Laura’s website:

Laura on Linkedin

Thanks for joining me for this celebration of our 100th episode, and if you’ve been here since the beginning, then thanks for sticking around!

For the rest of the season I’ll be chatting to a mix of marketing experts and small business owners to bring you the insider knowledge on marketing strategies for growing your audience online. We’ll cover everything from SEO to affiliate marketing and compare free and paid strategies, so you can find the ones that work for you.

In our next episode (Wed 27 April) I’m chatting to Tina, the marketing manager at an app design agency called Bad Dinosaur. We talked about different strategies for building an audience really early, before your product or service is actually for sale. I also spoke to Tess and Hilary, who are building an activity app called Trundle, about how some of these strategies have worked for them in practise.

See you then!

Greatest Hits – Vol. 2

Greatest Hits – Vol. 2

Hello everyone, welcome back! Here we are into 2022, and I’m very excited to be launching a brand new season of the Whin Big podcast with today’s episode.

What with there being another 50 or so episodes out in the world it’s time for a new volume of our Greatest Hits collection. Stay tuned for clips from 6 of our best interviews since October 2020. Welcome back to Avesha, Kenda, Cameron, Suse, Heena, and Tanessa!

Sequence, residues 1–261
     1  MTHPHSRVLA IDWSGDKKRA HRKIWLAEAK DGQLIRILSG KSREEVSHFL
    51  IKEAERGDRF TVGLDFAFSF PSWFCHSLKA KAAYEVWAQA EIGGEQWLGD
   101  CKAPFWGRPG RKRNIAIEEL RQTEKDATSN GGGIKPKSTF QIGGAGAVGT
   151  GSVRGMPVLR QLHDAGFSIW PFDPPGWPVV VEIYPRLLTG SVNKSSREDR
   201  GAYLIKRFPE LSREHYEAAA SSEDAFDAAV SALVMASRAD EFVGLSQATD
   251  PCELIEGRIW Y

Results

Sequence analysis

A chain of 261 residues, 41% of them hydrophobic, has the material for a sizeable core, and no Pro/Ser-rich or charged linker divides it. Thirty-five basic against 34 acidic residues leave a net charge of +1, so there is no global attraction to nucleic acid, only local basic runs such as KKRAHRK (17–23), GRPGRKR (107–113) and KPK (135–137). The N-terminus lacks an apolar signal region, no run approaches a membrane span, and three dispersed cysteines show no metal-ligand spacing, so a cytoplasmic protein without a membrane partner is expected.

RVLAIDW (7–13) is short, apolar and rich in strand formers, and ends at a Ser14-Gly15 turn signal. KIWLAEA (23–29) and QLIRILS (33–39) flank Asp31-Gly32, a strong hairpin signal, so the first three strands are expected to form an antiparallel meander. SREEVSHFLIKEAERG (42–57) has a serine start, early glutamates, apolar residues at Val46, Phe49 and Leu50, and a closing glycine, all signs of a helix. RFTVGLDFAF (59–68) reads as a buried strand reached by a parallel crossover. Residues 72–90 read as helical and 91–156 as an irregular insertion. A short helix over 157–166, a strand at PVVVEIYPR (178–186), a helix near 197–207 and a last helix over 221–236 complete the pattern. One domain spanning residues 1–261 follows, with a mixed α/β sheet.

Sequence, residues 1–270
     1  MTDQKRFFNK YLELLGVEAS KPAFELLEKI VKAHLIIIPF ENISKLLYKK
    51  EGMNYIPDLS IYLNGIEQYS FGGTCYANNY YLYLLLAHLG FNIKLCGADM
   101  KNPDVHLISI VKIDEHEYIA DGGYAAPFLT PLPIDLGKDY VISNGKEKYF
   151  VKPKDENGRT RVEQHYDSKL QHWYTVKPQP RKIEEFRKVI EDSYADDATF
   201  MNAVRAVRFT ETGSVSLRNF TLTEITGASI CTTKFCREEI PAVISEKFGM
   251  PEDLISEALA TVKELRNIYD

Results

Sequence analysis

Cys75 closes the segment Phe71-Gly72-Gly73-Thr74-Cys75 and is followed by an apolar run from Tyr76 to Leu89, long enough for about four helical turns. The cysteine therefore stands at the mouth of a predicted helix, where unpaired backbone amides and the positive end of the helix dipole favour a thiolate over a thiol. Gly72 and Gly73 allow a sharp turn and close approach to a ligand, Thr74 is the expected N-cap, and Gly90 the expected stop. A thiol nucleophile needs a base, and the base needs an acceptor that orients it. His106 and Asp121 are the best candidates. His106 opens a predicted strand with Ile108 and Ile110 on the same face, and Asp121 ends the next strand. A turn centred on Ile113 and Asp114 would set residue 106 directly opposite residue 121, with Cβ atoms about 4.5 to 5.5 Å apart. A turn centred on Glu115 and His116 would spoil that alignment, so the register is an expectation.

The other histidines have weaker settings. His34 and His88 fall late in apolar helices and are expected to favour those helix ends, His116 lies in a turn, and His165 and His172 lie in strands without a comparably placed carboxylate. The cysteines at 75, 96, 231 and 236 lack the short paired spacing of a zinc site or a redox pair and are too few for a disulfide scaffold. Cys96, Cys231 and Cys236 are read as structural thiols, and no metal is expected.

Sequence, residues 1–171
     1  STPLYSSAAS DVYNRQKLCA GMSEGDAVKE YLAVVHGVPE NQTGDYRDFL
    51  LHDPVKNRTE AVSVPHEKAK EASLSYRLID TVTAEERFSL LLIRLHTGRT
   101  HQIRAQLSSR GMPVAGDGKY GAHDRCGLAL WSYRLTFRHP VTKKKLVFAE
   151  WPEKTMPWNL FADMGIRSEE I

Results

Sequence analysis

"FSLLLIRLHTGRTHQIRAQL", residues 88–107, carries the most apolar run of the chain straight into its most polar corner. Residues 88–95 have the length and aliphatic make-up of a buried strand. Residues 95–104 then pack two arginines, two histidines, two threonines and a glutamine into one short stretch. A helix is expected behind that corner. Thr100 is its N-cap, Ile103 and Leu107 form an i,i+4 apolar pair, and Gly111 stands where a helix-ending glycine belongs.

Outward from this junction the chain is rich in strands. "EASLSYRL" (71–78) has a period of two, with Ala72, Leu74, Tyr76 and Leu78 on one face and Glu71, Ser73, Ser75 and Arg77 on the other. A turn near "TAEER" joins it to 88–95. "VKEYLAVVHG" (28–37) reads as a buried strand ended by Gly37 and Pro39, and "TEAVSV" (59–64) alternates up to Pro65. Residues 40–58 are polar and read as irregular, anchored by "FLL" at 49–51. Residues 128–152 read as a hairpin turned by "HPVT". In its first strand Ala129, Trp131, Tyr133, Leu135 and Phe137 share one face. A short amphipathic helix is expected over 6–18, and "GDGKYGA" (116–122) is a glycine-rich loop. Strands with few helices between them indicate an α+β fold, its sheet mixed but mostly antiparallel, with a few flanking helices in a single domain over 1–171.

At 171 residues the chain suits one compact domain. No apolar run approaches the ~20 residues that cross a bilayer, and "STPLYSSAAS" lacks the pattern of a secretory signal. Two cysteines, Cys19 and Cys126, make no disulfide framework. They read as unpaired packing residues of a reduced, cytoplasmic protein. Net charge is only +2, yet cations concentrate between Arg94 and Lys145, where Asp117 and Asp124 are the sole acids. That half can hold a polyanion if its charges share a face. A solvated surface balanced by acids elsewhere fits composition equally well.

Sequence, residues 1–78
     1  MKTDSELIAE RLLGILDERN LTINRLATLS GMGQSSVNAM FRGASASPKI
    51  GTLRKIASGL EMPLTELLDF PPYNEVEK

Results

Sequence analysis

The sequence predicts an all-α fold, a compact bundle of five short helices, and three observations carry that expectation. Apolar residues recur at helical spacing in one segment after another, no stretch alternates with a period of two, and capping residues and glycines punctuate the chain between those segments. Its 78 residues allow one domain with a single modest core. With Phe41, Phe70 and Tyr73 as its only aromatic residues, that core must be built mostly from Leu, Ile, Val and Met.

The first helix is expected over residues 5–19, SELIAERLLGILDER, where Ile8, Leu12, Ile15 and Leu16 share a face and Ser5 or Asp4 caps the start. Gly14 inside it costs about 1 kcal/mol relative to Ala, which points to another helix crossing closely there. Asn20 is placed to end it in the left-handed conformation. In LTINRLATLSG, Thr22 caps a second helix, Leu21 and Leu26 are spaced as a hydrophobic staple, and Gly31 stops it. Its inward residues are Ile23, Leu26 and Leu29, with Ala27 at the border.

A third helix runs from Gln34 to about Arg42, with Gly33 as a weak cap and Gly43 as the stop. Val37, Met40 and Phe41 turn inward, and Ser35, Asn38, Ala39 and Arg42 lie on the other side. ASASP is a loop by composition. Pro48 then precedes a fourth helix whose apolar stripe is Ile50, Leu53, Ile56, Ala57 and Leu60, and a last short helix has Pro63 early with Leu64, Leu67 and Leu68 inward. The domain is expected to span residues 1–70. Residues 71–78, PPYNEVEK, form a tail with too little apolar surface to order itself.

In the first half of today’s episode, we’re going to get into some ideas and refreshers for your marketing strategy.

Low-key marketing strategy for creatives

First up, here’s Avesha DeWolfe, who’s a ceramic artist based just down the road from me in East Lothian.

Avesha has always struggled with the idea of a content calendar or any kind of formal marketing strategy, so instead we just got talking about what a typical week might looking like for her Instagram content during different parts of her making cycle

How the Purchase Formula impacts buying decisions

It was really interesting for me to listen back to that conversation with Avesha, because I’d forgotten that we talked about how she uses storytelling to really emphasise the value of the products she makes.

More recently I spoke to behavioural marketing Kenda Macdonald, who gave us a breakdown of why this focus on value is such a smart move for businesses to consider.

Creating segmented nurture emails without sequences or automation

So, Kenda mentioned there that nurture sequences – a kind of automated email – are a great way of emphasising value and increasing the reward activation in the brain, to put it in neuropsychological terms.

But if automation isn’t your thing, or you’re just getting started with email and you’re hoping to take a simpler approach, don’t worry! When I spoke to Cameron Glover, who’s a business coach for sex education professionals, she shared some of the things that she’s been working on for her email list, which don’t require such a complex set up.

Moving away from volume-based marketing

As well as all her brilliant ideas about email lists, one of the things Cameron said there, just near the beginning of that segment, was that she’s moving from volume-based marketing to more of a community-based mindset, which is a shift in the default approach most business owners take to digital marketing.